Following the top-to-bottom refresh of Apple’s laptop line announced in October, people paid plenty of attention to the new unibody MacBook and MacBook Pro models. Little to no attention was given to either the top or the bottom of the line.
Now that we’ve reviewed the new MacBook and MacBook Pro models, we can turn our attention to those two extremes. We rated the low-end of Apple’s laptop offerings—the 2.1GHz MacBook in the white plastic enclosure—when that system first debuted in March. As for the top of the line, we’ve now gotten our hands on Apple’s 17-inch MacBook Pro—the largest laptop in the company’s product line.
Apple made only subtle changes to this MacBook Pro. The 17-inch offering features a higher-resolution 1,920-by-1,200 screen as the standard display, 4GB of RAM, and a higher capacity hard drive. The 17-inch model’s 2.5GHz processor is actually a slower clock speed than the 2.53GHz Core 2 Duo chip that powers one of the 15-inch MacBook Pros.
Macworld Lab’s tests indicate that despite the lack of any great leap forward in the 17-inch model’s under-the-hood specs, this laptop is still a very good performer.
Unlike most of the systems we test which are standard configurations, the 17-inch MacBook Pro we got our hands on is a loaner from Apple that came equipped with an optional 7,200-rpm hard drive. Typically, the 320GB Serial ATA drive in the 17-inch model runs at 5,400 rpm. Upgrading to 7,200 rpm adds $50 to the cost of the $2,799 MacBook Pro, bringing the total cost of our test system to $2,849.
The faster spinning drive in our 17-inch MacBook Pro helped our test system post a Speedmark score of 249, 18 points higher than the new 15-inch 2.53GHz MacBook Pro ($2,499) and 10 points lower than a build-to-order 15-inch MacBook Pro with the optional 2.8GHz Core 2 Duo processor ($2,799).
17-inch MacBook Pro Benchmarks
||Adobe Photoshop CS3
||Cinema 4D XL 10.5
|17-inch MacBook Pro Core 2 Duo/2.5GHz (Oct. 2008: 4GB RAM, 7,200-rpm 320GB drive)*
|17-inch MacBook Pro Core 2 Duo/2.5GHz (Feb. 2008: 4GB RAM, 5,400-rpm 250GB drive)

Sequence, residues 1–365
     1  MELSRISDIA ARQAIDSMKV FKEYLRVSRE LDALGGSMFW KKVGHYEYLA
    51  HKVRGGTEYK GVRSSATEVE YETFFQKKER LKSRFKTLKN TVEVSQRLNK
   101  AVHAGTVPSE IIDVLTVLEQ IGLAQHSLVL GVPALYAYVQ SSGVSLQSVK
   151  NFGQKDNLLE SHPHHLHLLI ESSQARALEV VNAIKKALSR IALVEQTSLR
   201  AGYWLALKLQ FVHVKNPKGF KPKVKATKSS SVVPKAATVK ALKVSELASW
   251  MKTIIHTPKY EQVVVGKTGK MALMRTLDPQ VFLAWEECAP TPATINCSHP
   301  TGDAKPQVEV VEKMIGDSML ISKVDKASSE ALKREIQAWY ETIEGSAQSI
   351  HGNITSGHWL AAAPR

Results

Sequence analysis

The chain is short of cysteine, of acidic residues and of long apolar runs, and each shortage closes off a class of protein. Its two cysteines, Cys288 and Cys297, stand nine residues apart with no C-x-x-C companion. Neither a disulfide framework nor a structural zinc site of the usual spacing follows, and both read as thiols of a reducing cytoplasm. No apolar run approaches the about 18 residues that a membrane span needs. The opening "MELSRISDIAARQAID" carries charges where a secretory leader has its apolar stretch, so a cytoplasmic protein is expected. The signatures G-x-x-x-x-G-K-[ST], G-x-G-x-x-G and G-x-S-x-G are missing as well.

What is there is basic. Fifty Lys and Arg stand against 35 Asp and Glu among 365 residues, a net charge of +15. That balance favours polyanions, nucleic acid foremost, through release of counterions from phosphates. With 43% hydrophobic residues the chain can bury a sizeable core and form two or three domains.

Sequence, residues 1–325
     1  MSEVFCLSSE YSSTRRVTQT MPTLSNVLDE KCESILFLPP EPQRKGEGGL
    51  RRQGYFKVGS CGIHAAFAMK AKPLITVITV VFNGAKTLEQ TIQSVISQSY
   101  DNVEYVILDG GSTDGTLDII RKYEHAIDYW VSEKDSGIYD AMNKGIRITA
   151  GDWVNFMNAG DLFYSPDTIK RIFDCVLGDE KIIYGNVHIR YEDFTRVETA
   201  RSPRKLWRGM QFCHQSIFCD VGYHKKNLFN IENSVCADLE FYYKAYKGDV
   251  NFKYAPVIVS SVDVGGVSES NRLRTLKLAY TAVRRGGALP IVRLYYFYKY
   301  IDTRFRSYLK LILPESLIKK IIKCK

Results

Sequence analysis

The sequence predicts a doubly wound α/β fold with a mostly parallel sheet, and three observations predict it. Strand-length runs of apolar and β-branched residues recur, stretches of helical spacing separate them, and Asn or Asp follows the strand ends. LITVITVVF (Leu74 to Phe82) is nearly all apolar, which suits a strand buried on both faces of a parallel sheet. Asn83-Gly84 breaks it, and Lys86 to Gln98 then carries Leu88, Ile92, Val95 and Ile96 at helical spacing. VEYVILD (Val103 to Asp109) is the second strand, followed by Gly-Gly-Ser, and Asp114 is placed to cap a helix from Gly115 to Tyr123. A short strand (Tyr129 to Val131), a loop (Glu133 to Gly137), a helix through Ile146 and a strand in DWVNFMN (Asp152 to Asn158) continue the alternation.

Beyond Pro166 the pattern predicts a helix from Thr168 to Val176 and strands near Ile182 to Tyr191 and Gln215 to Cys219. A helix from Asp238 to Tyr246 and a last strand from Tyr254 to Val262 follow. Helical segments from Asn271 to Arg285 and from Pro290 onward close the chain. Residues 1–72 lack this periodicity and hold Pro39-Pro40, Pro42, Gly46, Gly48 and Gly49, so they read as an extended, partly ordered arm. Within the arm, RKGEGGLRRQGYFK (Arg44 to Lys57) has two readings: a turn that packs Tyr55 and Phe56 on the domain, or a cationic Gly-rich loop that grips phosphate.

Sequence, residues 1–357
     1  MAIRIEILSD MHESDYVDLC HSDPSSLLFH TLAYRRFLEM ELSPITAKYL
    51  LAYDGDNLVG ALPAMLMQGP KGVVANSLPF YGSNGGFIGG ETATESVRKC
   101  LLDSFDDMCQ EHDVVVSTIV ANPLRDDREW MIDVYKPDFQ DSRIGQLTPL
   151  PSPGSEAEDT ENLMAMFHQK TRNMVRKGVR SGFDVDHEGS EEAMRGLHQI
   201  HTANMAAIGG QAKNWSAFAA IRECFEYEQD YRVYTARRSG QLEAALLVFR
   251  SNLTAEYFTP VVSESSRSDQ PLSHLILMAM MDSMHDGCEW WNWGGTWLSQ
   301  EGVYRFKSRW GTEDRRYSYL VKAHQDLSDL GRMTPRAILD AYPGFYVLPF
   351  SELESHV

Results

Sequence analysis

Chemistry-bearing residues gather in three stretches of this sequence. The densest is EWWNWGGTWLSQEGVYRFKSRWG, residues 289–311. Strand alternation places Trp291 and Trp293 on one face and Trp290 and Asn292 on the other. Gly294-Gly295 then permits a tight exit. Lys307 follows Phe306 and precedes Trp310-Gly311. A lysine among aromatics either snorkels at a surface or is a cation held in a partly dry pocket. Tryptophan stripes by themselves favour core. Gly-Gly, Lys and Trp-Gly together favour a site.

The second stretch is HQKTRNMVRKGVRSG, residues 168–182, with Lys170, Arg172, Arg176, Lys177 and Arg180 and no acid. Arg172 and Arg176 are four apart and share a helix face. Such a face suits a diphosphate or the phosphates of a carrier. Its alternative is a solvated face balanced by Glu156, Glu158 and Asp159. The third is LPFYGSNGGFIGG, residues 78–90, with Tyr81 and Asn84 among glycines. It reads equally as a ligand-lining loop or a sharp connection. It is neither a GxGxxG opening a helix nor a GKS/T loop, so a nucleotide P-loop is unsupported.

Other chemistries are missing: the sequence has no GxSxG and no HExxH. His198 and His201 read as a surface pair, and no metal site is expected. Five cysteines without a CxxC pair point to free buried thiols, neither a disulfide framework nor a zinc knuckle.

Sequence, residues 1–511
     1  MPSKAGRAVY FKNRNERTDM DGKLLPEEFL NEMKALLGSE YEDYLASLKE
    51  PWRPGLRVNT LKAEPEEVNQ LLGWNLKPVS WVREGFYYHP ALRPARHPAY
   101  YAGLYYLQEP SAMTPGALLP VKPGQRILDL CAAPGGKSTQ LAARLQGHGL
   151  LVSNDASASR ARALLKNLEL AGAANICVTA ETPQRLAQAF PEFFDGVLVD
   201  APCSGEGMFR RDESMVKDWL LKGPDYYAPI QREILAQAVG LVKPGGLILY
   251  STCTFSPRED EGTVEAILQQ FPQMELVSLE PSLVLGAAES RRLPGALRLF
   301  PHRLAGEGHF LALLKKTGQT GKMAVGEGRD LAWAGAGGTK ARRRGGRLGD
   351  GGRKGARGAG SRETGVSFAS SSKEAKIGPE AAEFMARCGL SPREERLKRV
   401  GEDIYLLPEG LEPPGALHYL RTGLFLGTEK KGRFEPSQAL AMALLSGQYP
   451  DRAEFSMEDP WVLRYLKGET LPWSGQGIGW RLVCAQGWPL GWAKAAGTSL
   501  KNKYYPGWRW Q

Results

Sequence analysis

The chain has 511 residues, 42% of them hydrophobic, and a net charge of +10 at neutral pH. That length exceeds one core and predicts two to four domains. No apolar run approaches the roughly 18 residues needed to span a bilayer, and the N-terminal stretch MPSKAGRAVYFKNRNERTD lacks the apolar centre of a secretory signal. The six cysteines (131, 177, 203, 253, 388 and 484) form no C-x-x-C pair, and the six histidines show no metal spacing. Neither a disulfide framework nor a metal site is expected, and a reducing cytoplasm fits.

|15-inch MacBook Pro Core 2 Duo/2.53GHz (Oct. 2008: 4GB RAM, 5,400-rpm 320GB drive)
|15-inch MacBook Pro Core 2 Duo/ 2.8GHz (4GB RAM, Unibody, CTO, 7200RPM HD)
|20-inch iMac Core 2 Duo/2.6GHz
|8-core Mac Pro Xeon/2.8GHz
Best results in bold. Reference systems in italics. * denotes build-to-order hard drive.
Speedmark 5 scores are relative to those of a 1.5GHz Core Solo Mac mini, which is assigned a score of 100. Adobe Photoshop, Cinema 4D XL, iMovie, iTunes, and Finder scores are in minutes:seconds. All systems were running Mac OS X 10.5.5 with 2GB of RAM unless specified. The Photoshop Suite test is a set of 14 scripted tasks using a 50MB file. Photoshop’s memory was set to 70 percent and History was set to Minimum. We recorded how long it took to render a scene in Cinema 4D XL. We used Compressor to encode a 6minute:26second DV file using the DVD: Fastest Encode 120 minutes – 4:3 setting. In iMovie, we applied the Aged Film Effect from the Video FX. menu to a one minute movie. We converted 45 minutes of AAC audio files to MP3 using iTunes’ High Quality setting. We used Quake’s average-frames-per-second score; we tested at a resolution of 1,024 by 768 pixels at the Maximum setting with both audio and graphics enabled. We duplicated a 1GB folder, created a Zip archive in the Finder from the two 1GB files and then Unzipped it. To compare Speedmark 5 scores for various Mac systems, visit our Apple Hardware Guide.—MACWORLD LAB TESTING BY JAMES GALBRAITH, CHRIS HOLT, AND JERRY JUNG
The new 17-inch model’s Speedmark score was also higher than that of the 17-inch model released in February by an impressive 13 percent. Even after leveling the playing field by upgrading the older system to use 4GB RAM, the new model showed performance gains in hard drive-related tasks such as zipping and unzipping a 2GB folder and in our Photoshop test suite.
The new 17-inch MacBook Pro posted an identical Speedmark score to the 2.66GHz iMac, with very similar results for most tests, including Photoshop, iMovie, and Compressor. The only big difference was in our 2GB folder unzip test, in which the 17-inch MacBook Pro finished 19 percent faster.
The 17-inch may be a high-end model, but its portable size creates limitations that causes it to struggle to keep up with the Mac Pro’s 8 processing cores in many professional applications. The Mac Pro finished our Cinema 4D scene render in less than a third of the time it took the 17-inch MacBook Pro, for example. Of course, even with handles, the Mac Pro is not a practical portable.
Check back soon for Macworld’s complete review of the 17-inch MacBook Pro.
James Galbraith is director of Macworld Lab.